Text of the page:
What other clavicle injuries tell us about McDavid’s recovery

Oilers analysts Gene Principe and Mark Spector speculate on Connor McDavid's recovery, with Spec saying if he can return by February, he'll still make a run at rookie of the year.

There is some decent and maybe even good news for Connor McDavid after all.

The 18-year-old, in case you somehow missed it, broke his left clavicle on Tuesday night after sliding awkwardly into the boards and absorbing the weight of a pair of Flyers defencemen.

That’s not the good news. But Edmonton Oilers fans, and hockey fans everywhere, can take solace in this fact: A lot of elite athletes have sustained this same injury, and they’re all still very elite.

A quick note on the clavicle: It’s your collarbone, and expected time of recovery is anywhere from 4-to-12 weeks, depending on the severity of the break. That’s according to the University of Calgary’s Chris Linder, an athletic therapist in the Sports Medicine Centre.

Linder also says this injury isn’t “extremely common” among athletes.

But it does happen, and to some of the best of them. Here’s a look at a few, and how they bounced back. Also worth noting: All five of these guys broke their left clavicle. We can’t explain that.

He smashed into the boards awkwardly last February following a crosscheck from a Florida Panthers defenceman. Chicago Blackhawks fans immediately gasped and figured their chance at a Stanley Cup run had taken a major blow.

And it really looked like it might: Kane had surgery on that broken left clavicle, and he was expected to be out approximately 12 weeks, according to the team’s doctor. He was expected to be out until the Western Conference Final, if Chicago even made it that far.

But Kane came back a little over seven weeks later, just in time for Chicago’s first-round playoff matchup against Nashville. And even though he said he wasn’t at 100 per cent, Kane had two assists in his return, and seven points in that first series, which Chicago won in six games.

Kane’s final stats line en route to that Stanley Cup victory: 23 points in 23 games. So, he bounced back pretty well.

This was more of an indirect sports injury, on account of a bench-clearing brawl.

But in 2013, the Los Angeles Dodgers right-hander hit San Diego Padres batter Carlos Quentin with a pitch on the shoulder. Then all hell broke loose: Quentin rushed the mound, Greinke charged forward, both players started swinging and suddenly they were at the bottom of a big pile-on of fighting. Greinke came out on the losing side with a broken left clavicle.

Greinke had surgery and was expected to be out eight weeks. He returned a little over a month later, and pitched 5.1 innings, giving up five hits and one earned run (a home run) to record a win. Over his next 10 starts, Grienke went 7-3.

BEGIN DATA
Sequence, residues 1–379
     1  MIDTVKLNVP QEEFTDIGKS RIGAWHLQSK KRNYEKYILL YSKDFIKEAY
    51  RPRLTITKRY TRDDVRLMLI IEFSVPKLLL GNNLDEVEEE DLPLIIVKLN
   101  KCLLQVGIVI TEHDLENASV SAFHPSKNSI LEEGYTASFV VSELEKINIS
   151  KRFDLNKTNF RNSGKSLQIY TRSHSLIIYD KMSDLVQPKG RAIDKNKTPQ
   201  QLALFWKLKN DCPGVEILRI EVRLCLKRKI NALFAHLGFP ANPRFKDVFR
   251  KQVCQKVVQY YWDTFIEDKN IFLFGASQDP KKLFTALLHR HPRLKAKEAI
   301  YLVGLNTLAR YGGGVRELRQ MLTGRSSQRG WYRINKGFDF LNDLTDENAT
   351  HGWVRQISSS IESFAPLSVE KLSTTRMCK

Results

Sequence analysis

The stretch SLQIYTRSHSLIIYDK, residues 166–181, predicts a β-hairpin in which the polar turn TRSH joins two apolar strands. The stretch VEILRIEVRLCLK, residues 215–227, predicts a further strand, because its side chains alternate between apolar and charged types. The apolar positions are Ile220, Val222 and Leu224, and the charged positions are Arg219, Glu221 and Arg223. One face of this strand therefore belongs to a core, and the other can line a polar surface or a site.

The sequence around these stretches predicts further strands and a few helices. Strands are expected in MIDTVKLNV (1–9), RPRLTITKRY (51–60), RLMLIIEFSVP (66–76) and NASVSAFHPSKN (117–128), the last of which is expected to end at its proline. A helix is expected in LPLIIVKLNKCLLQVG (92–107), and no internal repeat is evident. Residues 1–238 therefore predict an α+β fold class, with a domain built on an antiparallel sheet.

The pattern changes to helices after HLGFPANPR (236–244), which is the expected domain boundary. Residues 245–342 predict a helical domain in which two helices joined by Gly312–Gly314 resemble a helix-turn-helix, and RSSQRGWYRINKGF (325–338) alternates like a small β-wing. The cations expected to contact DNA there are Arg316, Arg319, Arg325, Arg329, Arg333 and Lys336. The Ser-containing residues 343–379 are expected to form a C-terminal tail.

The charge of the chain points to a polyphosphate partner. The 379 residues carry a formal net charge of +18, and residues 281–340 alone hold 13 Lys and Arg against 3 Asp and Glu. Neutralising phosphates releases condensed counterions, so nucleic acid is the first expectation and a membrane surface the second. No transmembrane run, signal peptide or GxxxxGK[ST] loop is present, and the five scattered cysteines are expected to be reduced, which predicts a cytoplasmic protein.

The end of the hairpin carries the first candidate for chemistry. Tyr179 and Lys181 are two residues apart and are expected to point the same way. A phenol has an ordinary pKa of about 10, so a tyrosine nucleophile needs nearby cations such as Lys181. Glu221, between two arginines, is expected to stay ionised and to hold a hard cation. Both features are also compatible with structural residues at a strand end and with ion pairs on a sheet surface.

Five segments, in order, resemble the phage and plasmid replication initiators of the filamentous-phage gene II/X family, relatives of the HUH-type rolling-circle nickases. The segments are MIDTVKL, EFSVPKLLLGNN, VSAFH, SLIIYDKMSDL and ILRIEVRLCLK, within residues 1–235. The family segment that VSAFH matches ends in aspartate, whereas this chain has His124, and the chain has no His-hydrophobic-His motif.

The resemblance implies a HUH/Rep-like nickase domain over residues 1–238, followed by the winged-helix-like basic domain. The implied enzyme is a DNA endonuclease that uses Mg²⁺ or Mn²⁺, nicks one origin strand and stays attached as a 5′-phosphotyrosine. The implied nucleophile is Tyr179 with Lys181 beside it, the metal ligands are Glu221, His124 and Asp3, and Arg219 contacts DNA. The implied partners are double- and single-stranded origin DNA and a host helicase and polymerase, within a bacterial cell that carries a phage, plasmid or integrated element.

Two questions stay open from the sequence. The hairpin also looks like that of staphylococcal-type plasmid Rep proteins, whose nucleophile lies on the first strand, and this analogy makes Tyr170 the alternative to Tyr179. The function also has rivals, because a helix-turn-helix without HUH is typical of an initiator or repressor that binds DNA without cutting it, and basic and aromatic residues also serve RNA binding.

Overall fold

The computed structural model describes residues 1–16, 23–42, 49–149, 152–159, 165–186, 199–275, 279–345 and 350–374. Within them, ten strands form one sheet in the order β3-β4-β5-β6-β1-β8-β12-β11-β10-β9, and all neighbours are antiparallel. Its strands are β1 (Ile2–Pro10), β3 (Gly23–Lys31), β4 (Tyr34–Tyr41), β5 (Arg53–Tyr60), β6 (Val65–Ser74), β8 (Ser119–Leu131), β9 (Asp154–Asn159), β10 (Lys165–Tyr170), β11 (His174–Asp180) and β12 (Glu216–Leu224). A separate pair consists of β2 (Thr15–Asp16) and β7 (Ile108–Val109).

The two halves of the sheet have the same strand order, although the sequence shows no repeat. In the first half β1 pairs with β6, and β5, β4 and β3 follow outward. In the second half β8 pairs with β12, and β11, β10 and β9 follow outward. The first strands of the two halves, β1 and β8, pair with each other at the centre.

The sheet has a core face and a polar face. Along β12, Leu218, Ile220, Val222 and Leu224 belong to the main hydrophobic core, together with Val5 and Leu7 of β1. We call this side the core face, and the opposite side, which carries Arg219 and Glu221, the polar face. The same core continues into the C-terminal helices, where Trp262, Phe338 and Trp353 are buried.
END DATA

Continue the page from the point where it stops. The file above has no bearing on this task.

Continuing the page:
And he’s still one of the best pitchers in baseball.

The Dallas Cowboys QB is currently on the comeback trail from this same injury. Romo broke his left collarbone—for the second time in his career—in Week 2, after a hit by Philadelphia Eagles linebacker Jordan Hicks.


Cowboys coach Jason Garrett told reporters that Romo was “making progress” in late October. And this week, he’s expected to slowly work back into practice. Romo can return to game action as early as Nov. 22 against Miami.

We don’t know how he’ll fare in his return, but we do know that after he broke it the first time, in 2010, Romo missed the last eight games of the regular season, then returned in 2011 to record the NFL’s fourth-best QB rating. Not bad.

The Green Bay Packers QB suffered a small break in his left collarbone in 2013 in a Monday night loss to the Bears.


Rodgers was back a little less than two months later, after missing seven weeks of action. In his comeback game—also against Chicago—Rodgers completed 25 of 39 passes for 318 yards, and the Packers won.

Rodgers and the Packers now sit atop the NFC North with a 6-1 record.

In 2011, the then-Milwaukee Brewers centre fielder made a highlight-reel, diving catch and broke his left clavicle in the process.

It literally did not sound good: Ryan Braun was in left field, and he heard it crack.

“It was loud,” Braun told reporters.

Gomez, who now plays for the Houston Astros, had surgery and was out from July 21 until Sept. 2. He wasn’t consistently back in the lineup until the very end of the regular season.

In 2013, Gomez was named to the All-Star Game for the first time in his seven-year career, and became the first Brewer to win a Gold Glove in 31 years.

All this said, the key takeaway for McDavid—and hockey fans everywhere—is this: If history means anything at all, he can and will be great again, despite that broken left clavicle.

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